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Hip Hop & Entrepreneurship Comes to Essex County College “Potential Game Changer”

BY lyanne

HipHop 101

When hip-hop “Kulture” began nearly 40 years ago, corporate America ignored it. That was a Big mistake.  Hip-hop has grown well beyond the urban market since the genre’s first hit, “Rapper’s Delight,” which was released in 1979.  It now generates more than $20 billion per year and has moved beyond its musical roots, internationally, transforming into a dominant and increasingly lucrative lifestyle.

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Visionaries foresee hip-hop-inspired housewares, furniture, linens, food, writing instruments and even a special hip-hop DVD section at Best Buy.  The Russell Simmons’ empire is well placed to garner a big chunk of that.  The original hip-hop mogul, has his hand in every piece of the pie, from apparel to cell phones to video-games. He recently sold his apparel company, Phat Fashions, to Kellwood for $140 million, but will remain CEO. He and Rick Rubin founded Def Jam Recordings in 1984 in a New York University dorm room with a $5,000 investment. At that time, rap artists were selling music out of cars and at parties. Entrepreneurs ended up dominating the industry.

Although Simmons was the first, his road to success has been followed by many others, from Damon Dash and Jay-Z, the owners of the Roc-A-Fella kingdom, to Sean “P. Diddy” Combs, owner of the Bad Boy Entertainment conglomerate.  According to Forbes magazine Combs,  reeled in $50 million in the past 12 months alone, thanks to his Bad Boy record label, Sean John clothing line, Blue Flame agency, and endorsement deal with Diageo’s Ciroc vodka.  Blue Flame is a full-service marketing agency with $12 million in billings last year. It’s responsible for hooking up Combs as the voice on the Microsoft Xbox commercials and for his appearance in the ad campaign for Coca-Cola’s Sprite Remix.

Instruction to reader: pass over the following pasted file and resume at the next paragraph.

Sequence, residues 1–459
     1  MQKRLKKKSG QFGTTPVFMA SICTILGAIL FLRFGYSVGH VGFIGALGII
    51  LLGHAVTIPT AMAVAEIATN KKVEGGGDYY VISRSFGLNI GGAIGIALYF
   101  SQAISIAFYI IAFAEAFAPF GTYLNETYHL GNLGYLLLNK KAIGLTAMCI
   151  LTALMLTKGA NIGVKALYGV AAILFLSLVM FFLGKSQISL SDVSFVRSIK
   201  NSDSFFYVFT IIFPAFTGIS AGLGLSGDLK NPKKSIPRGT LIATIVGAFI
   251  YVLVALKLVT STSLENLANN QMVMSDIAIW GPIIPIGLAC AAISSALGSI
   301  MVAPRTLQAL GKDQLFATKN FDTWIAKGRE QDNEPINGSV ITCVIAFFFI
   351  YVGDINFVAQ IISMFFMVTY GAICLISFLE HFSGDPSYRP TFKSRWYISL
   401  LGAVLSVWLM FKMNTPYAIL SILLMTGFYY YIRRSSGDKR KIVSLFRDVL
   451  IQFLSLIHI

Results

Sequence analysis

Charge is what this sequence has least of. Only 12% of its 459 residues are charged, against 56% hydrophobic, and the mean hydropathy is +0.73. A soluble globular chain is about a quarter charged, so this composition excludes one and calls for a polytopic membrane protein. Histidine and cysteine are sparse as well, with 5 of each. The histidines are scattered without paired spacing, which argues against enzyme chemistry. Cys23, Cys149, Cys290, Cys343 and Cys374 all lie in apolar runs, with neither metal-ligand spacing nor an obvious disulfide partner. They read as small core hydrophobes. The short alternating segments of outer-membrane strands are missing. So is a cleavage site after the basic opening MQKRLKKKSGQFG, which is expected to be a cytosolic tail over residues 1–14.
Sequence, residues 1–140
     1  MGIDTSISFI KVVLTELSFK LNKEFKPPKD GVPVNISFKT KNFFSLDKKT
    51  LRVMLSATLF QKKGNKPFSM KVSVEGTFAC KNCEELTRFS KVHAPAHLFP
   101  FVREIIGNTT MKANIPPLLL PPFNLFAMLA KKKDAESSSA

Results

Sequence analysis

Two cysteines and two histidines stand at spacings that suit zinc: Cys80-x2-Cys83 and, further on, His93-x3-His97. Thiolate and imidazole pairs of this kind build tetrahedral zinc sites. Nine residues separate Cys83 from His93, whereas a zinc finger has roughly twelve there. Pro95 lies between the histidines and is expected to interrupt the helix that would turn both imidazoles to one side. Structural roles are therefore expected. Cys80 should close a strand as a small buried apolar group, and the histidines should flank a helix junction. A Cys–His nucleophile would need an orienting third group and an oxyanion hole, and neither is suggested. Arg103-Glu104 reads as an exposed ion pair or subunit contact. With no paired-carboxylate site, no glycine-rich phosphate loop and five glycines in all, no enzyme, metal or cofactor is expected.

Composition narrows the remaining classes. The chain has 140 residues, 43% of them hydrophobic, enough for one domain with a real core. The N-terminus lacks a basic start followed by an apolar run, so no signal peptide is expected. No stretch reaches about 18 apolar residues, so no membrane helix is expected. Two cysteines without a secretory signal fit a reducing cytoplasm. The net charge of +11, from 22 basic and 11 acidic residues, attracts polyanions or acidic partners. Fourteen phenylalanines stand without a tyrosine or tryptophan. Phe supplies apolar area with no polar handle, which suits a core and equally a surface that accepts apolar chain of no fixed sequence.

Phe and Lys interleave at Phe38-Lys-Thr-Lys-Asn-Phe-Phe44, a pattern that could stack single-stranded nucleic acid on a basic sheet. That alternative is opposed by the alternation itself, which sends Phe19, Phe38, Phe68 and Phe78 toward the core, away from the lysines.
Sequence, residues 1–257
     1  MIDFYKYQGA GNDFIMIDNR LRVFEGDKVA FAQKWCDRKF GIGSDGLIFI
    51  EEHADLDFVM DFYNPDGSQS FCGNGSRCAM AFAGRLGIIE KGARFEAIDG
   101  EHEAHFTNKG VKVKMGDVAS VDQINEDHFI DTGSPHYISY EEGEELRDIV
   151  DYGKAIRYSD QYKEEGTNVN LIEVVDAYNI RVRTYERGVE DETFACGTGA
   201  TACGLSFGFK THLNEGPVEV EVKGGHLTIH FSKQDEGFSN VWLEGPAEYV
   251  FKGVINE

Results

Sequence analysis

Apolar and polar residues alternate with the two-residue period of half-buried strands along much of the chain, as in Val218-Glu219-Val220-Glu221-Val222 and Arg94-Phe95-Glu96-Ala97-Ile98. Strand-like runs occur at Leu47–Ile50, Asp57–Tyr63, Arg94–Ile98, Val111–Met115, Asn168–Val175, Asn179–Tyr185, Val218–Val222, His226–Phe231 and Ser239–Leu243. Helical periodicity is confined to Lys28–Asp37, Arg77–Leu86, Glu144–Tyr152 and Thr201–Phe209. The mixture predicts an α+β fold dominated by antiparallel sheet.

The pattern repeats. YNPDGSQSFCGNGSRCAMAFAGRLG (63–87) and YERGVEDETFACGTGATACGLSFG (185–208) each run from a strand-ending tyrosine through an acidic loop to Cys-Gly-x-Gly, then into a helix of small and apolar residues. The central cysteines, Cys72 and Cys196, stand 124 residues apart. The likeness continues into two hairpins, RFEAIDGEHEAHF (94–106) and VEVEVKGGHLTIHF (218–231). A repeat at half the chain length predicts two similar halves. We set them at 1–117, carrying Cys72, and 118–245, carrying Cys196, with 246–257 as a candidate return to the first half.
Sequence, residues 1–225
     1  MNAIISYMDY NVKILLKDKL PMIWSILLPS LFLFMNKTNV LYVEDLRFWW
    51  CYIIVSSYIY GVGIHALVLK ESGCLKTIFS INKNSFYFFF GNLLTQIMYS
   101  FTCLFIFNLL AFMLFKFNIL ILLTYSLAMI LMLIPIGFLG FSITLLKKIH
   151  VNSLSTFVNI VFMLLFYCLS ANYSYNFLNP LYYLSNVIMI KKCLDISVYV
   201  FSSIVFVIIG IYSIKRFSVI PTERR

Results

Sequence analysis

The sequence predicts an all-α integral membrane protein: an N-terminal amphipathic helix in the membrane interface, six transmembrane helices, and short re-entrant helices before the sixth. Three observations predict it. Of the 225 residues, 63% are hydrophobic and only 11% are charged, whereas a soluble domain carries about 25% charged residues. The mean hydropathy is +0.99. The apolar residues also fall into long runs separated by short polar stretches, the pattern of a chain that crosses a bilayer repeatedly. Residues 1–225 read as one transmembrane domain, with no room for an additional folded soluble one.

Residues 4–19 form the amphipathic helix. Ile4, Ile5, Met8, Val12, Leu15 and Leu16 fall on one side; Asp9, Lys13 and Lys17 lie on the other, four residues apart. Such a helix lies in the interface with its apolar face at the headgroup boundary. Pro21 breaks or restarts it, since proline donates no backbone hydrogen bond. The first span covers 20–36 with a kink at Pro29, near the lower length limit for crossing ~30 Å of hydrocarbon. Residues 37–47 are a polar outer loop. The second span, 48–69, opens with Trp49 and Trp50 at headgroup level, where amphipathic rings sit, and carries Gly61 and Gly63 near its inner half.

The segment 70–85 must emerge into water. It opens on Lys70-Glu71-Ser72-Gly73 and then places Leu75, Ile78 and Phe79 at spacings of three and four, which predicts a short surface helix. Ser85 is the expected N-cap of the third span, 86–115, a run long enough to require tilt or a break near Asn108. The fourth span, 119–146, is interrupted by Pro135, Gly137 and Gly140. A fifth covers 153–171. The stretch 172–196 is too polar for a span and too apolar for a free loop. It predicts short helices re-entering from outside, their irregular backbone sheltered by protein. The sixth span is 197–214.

The market continues to grow.   Starlight Music Group (SLMG) is a Multi-Media Corporation specializing in labels and artist relationship development. They work with the major record labels, which include; Sony Music Entertainment, Universal Music Group,Warner Music Group, and EMI.  SLMG says its customer base is the 45 million hip-hop consumers between the ages of 13 and 34, 80 percent of whom are white. According to SLMG’s research, this group has $1 trillion in spending power.

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Starting in January for Spring 2014 semester, Essex County College will offer a course in hip-hop business which will eventually be develop into a Business Associate degree major by the end of the fall semester, once final accreditation is complete.  The brain child of JahJah Shakur, a PHD candidate, he explained, “ I designed this course and Degree Program to empower students to be job creators instead of job seekers.”  This course could be a game changer, in presenting business fundamental in a fresh and relevant application.   This is a student centered pedagogical methodology that seeks to attract, retain, and graduate at risk student populations in the greater Essex County Metropolitan area.Mr. Shakur said, “We are seeking to teach Hip Hop Business as an academic course of study that examines the domestic and international trillion dollar a year business enterprise of Hip Hop. Hip Hop Business consists of various industries and diverse markets such as music, fashion, media, social media, technology, etc. This has been a 5 year journey of consistent meetings with Essex County staff and administration to have a Hip Hop course of study and practice.  I am the Hip Hop Business Course and Degree Program Developer and Consultant. I created the syllabus which teaches students how to create business models for themselves and how to benefit and profit from a culture that they have organically created. Students will create a business plan of their own and build business partnerships with each other. This is the first course of its kind in the world where students can get a degree in Hip Hop Studies.”